- Register as a liquidator with the Quebec Register of Personal and Movable Real Rights (RDPRM).
- Make an inventory of the deceased’s assets and liabilities, after having requested access to all the deceased’s accounts from any financial institutions involved. Normally, this task should be performed within six months of the person’s death. If the value of the assets is significant, the executor/liquidator may want to call in an appraiser. This could reduce the risk of conflict among the beneficiaries.
- File the tax returns of the deceased and of the estate. It’s essential to ensure that all government taxes have been paid. Before distributing any inheritances, the executor/liquidator must obtain a tax clearance certificate from the Canada Revenue Agency and/or a certificate authorizing the distribution of estate assets from Revenu Québec.
- Pay off the deceased’s debts. Assets may be sold to accomplish this.
- Divide the family inheritance if the deceased was married.
- Distribute inheritances owed to specific people, as required.
- Distribute the remaining assets to the heirs.
- Provide account statements to the heirs. This must be done every year until the estate is fully settled.
- Conclude the process by filing a Closure of the liquidator’s account with the RDPRM.
Don’t hesitate to ask for help. The executor/liquidator can request the services of various professionals (accountants, tax specialists, lawyers, notaries, etc.) to provide assistance along the way. Their fees will then be paid by the estate.
Does the executor/liquidator get paid?
Not necessarily. But given the complexity and magnitude of the task, you could provide for remuneration in your will. You could also specify that reasonable expenses incurred while settling the estate will be paid by the estate.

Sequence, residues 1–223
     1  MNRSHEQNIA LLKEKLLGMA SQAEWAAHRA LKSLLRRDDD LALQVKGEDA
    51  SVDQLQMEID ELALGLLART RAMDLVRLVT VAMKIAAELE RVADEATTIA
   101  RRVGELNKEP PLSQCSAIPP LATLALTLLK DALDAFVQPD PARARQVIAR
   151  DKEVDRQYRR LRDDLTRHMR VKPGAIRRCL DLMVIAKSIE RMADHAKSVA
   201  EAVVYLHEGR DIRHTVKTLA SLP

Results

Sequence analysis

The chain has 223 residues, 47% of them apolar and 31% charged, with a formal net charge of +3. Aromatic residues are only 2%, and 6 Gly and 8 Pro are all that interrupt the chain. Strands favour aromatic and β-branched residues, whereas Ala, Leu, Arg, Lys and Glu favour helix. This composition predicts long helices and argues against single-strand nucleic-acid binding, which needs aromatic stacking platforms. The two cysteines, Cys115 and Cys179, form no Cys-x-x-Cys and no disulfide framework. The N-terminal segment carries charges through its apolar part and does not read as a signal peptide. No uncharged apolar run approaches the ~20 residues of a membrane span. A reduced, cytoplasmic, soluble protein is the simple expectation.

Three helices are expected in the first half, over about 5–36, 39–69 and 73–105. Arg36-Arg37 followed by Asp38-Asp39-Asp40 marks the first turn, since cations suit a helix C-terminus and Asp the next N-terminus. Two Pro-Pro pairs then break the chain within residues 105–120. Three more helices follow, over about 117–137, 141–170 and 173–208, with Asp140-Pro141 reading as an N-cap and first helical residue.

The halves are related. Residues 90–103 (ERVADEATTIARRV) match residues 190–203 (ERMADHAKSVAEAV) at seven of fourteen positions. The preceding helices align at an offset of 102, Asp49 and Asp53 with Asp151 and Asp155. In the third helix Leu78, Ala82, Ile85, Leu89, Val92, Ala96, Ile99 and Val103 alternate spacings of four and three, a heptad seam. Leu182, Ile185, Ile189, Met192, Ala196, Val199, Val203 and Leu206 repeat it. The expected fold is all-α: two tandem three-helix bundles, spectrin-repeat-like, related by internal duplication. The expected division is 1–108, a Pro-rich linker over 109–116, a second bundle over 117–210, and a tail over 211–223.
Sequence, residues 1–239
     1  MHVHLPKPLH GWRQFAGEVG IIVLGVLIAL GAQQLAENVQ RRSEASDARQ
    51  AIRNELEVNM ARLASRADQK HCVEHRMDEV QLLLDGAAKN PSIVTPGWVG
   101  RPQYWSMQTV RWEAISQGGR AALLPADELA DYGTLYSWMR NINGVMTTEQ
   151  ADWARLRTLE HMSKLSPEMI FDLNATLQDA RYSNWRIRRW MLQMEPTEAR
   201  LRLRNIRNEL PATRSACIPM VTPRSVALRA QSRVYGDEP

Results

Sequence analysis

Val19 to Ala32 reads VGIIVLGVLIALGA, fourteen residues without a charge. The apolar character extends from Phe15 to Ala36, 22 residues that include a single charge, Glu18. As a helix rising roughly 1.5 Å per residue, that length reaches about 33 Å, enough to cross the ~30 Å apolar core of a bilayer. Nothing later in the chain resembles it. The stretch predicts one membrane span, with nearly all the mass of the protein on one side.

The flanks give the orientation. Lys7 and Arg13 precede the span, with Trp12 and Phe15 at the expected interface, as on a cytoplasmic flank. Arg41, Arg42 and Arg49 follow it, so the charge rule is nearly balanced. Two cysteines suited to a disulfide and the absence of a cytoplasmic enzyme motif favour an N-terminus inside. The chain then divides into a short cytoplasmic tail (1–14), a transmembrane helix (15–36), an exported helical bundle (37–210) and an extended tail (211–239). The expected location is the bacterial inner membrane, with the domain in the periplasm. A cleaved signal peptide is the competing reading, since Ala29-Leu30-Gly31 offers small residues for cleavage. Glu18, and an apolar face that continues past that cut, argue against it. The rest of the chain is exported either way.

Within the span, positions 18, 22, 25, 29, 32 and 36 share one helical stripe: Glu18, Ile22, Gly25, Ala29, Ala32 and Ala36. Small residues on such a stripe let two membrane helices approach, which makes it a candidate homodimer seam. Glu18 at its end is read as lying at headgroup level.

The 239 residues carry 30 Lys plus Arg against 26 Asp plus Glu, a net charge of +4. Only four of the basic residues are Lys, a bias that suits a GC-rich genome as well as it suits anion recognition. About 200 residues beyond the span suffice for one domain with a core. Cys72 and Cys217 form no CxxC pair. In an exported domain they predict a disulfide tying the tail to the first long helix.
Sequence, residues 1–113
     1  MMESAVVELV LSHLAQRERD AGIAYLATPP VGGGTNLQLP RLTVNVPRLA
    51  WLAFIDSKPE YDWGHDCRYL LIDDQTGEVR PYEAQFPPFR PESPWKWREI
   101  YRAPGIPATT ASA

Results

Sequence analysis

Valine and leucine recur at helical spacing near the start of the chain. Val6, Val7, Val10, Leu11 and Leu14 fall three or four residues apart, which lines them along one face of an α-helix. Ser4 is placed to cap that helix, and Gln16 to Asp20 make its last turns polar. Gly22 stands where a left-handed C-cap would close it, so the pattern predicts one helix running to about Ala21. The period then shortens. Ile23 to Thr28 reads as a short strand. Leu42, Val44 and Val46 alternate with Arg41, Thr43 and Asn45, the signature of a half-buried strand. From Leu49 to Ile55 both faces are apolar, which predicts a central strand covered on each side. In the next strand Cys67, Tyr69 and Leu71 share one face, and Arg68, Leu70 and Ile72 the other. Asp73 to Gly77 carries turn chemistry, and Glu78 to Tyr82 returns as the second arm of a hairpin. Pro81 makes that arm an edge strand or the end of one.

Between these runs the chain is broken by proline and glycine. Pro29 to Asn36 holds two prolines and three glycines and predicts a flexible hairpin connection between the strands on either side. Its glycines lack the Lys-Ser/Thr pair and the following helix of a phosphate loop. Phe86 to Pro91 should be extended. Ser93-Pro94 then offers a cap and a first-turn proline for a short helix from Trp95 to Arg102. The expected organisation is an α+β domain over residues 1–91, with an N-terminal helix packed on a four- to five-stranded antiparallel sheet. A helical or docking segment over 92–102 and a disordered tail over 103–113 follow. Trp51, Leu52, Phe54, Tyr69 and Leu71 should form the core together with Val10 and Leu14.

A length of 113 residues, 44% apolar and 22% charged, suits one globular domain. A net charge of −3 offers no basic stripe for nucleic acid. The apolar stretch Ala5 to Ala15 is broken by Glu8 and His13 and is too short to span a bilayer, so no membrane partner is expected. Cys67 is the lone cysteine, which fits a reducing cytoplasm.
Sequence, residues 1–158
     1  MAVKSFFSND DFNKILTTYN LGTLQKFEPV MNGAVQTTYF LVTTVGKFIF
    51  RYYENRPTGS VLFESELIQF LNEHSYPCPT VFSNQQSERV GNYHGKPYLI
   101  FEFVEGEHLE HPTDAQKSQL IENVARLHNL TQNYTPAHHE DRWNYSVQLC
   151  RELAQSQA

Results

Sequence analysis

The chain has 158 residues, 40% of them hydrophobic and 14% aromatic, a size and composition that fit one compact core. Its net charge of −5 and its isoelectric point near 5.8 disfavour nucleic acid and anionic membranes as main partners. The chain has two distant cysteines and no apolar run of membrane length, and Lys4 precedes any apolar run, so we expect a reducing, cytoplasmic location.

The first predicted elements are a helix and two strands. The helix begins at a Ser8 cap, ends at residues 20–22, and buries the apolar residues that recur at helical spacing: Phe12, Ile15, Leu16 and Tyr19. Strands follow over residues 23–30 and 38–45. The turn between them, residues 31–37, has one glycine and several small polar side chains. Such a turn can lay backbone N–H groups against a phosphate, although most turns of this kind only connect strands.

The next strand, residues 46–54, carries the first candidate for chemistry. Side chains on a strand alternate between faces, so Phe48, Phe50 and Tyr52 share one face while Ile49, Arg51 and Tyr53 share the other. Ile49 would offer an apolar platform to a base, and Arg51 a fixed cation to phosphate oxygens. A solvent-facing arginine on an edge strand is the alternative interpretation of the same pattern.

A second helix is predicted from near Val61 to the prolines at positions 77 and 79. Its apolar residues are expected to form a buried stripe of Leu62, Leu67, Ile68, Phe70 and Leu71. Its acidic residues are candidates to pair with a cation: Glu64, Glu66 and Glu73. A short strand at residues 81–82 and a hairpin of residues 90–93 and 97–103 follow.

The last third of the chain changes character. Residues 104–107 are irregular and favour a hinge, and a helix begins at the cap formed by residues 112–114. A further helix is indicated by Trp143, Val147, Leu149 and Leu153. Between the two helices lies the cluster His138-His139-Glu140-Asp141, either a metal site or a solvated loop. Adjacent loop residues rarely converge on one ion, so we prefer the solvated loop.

Obviously, the situation is different if the executor/liquidator is a hired professional rather than a friend or family member. In such cases, the professional will charge his or her usual fees to perform the task.
Can you decline the role?
Whether you were or were not consulted by the deceased, you can refuse to be the executor/liquidator. And you don’t need to justify your decision. You do, however, need to notify your co-executors or co-liquidators, as the case may be. If no one else has been named, the heirs may assume this role. They can also appoint someone else to do so. If there’s disagreement, they can refer to the courts.
There is one exception: If you are the sole heir, you cannot refuse. However, you can authorize a professional to handle the various tasks required to settle the estate.
If you have agreed to be the executor/liquidator, you also have the option to resign along the way. The procedure is the same as for refusing.
What happens if the executor/liquidator is doing the job poorly?
The executor/liquidator can be sued if they have been negligent or dishonest. Even if a mistake has been made in good faith, the heirs will have recourse against the executor/liquidator. For instance, he or should could be sued if a more recent will is discovered. Moreover, if the process is needlessly drawn out, the heirs and creditors may ask the that executor/liquidator be replaced. In cases of fraud, a complaint could be lodged with the police.
As for the tax authorities, they may send a bill or issue a penalty if the executor/liquidator has distributed assets without first having obtained the necessary papers. At that point, he or she becomes personally responsible for any taxes the deceased may owe. And that could get very expensive.
The role of the executor/liquidator and the intricacies of estate planning should not be taken lightly. It’s best to think carefully about the choice of an executor/liquidator or about agreeing to take on the job. Don’t hesitate to talk to a professional to guide you through the process.
Edited on 15 May 2018